General solution

Paraxial approximation (f2

Lecture Outline Electron beams Photon beams References: 1. 2. 3. 4. 5.

J. D. Jackson, Classical Electrodynamics (Wiley, New York, third edition, 1999). Helmut Wiedemann, Particle Accelerator Physics (Springer-Verlag, 2003). Andrew Sessler and Edmund Wilson, Engine of Discovery (World Scientific, 2007). David Attwood, Soft X-rays and Extreme Ultraviolet Radiation (Cambridge, 1999) Peter Schmüser, Martin Dohlus, Jörg Rossbach, Ultraviolet and Soft X-Ray FreeElectron Lasers (Springer-Verlag, 2008). 6. Kwang-Je Kim, Zhirong Huang, Ryan Lindberg, Synchrotron Radiation and FreeElectron Lasers for Bright X-ray Sources, USPAS lecture notes 2013. 7. Gennady Stupakov, Classical Mechanics and Electromagnetism in Accelerator Physics, USPAS Lecture notes 2011. 8. Images from various sources and web sites. 2

William Barletta, USPAS director

3

Electron beams Primer on special relativity and E&M Accelerating electrons Transporting electrons

Beam emittance and optics Beam distribution function

4

Lorentz Transformation

5

Length Contraction and Time Dilation Length contraction: an object of length Dz’ aligned in the moving frame with the z’ axis will have the length Dz in the lab frame ∆𝑧 ′

∆𝑧 =

𝛾

Time dilation: Two events occuring in the moving frame at the same point and separated by the time interval Dt’ will be measured by the lab observers as separated by Dt

∆𝑡 = 𝛾∆𝑡 ′ 6

Energy, Mass, Momentum Energy

𝐸 = 𝑇 + 𝑚𝑐 2 Kinetic energy Rest mass energy

Electrons rest mass energy 511 keV (938 MeV for protons), 1eV = 1.6 × 10-19 Joule

Momentum

𝒑 = 𝛾𝜷𝑚𝑐 Energy and momentum

𝐸 2 = 𝑝2 𝑐 2 + 𝑚2 𝑐 4 , E = 𝛾𝑚𝑐 2 .

7

Maxwell’s Equations 𝑫 = 𝜖0 E B = 𝜇0 𝑯

𝑐 = (𝜖0 𝜇0 )−1/2

Wave equation

Lorentz transformation of fields

8

Lorentz Force Lorentz force

Momentum and energy change

Energy exchange through E field only

=0 No work done by magnetic field!

A relativistic electron

In electron’s frame, Coulumb field is In lab frame, space charge field is

Guiding beam: dipole Lorentz force

Centrifugal force 𝛾𝑚𝑐 2 𝛽2

𝐹𝑐𝑓 =

(opposite for e-)

𝜌

Bending radius is obtained by balance the forces 1 𝜌

𝑒𝐵 = 𝛾𝛽𝑚𝑐 2

1 𝜌

[m-1]=0.2998

𝐵[T] 𝛽𝐸[GeV]

11

Cyclotron If beam moves circularly, re-traverses the same accelerating section again and again, we can accelerate the beam repetitively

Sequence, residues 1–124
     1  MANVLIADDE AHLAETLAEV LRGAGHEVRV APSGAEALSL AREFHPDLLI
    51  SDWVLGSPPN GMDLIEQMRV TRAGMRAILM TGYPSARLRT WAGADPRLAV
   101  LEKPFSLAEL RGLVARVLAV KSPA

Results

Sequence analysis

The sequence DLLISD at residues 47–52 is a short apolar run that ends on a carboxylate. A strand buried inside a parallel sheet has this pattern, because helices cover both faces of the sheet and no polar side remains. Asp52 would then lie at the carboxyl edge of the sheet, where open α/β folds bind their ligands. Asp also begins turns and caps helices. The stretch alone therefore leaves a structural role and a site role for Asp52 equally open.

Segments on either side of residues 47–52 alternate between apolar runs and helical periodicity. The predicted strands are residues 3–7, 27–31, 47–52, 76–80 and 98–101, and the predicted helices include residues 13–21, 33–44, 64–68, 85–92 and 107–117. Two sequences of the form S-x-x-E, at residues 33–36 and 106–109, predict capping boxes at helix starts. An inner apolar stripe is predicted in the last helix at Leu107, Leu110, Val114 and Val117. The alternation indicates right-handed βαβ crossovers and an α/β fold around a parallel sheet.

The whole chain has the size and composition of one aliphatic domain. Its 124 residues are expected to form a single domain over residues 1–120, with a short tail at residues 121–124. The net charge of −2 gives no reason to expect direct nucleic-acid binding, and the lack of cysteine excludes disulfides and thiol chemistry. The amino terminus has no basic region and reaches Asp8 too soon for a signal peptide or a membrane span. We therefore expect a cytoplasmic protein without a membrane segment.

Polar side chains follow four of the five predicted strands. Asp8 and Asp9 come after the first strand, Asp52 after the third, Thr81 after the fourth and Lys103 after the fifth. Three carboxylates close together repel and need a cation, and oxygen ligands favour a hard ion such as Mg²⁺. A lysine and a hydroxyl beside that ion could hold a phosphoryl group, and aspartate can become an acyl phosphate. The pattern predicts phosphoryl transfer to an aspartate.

12

http://www.aip.org/history/lawrence/first.htm

13

From Cyclotron to Synchrotron Cyclotron does not work for relativistic beams.

14

Synchrotron GE synchrotron observed first synchrotron radiation (1946) and opened a new era of accelerator-based light sources.

15

Electron linac

16

18

SLAC linac

20

Beam description

Beam phase space (x,x’,y,y’,Dt, Dg)

Consider paraxial beams such that

22

Linear beam transport Transport matrix

Free space drift

Quadrupole (de-)focusing

23

Beam properties Second moments of beam distribution rms size rms divergence

correlation

24

Beam emittance Emittance or geometric emittance

Emittance is conserved in a linear transport system Normalized emittance is conserved in a linear system including acceleration

Normalized emittance is hence an important figure of merit for electron sources Preservation of emittances is critical for accelerator designs. 25

Beam optics function Optics functions (Twiss parameters)

Given beta function along beamline

26

Free space propagation Single particle

Beam envelope

Analogous with Gaussian laser beam 27

FODO lattice Multiple elements (e. g., FODO lattice)

28

FODO lattice II Maximum beta

Minimum beta

When f >> l

29

Electron distribution in phase space We define the distribution function F so that

is the number of electrons per unit phase space volume

Since the number of electrons is an invariant function of z, distribution function satisfies Liouville theorem

equations of motion

30

Gaussian beam distribution Represent the ensemble of electrons with a continuous distribution function (e.g., Gaussian in x and x’)

For free space propagation

Distribution in physical space can be obtained by integrating F over the angle

31

Photon beams Wave equation and paraxial approximation Radiation diffraction and emittance Transverse and temporal coherence

Brightness and diffraction limit Radiation intensity and bunching Bright accelerator based photon sources 32

Photon wavelength and energy

33

Single pass FELs (SASE or seeded)

Various accelerator and non-acc. sources

Synchrotron radiation FEL oscillators Undulator radiation 34 (High-average power)

Radiation diffraction Wave propagation in free space

Angular representation

General solution

Paraxial approximation (f2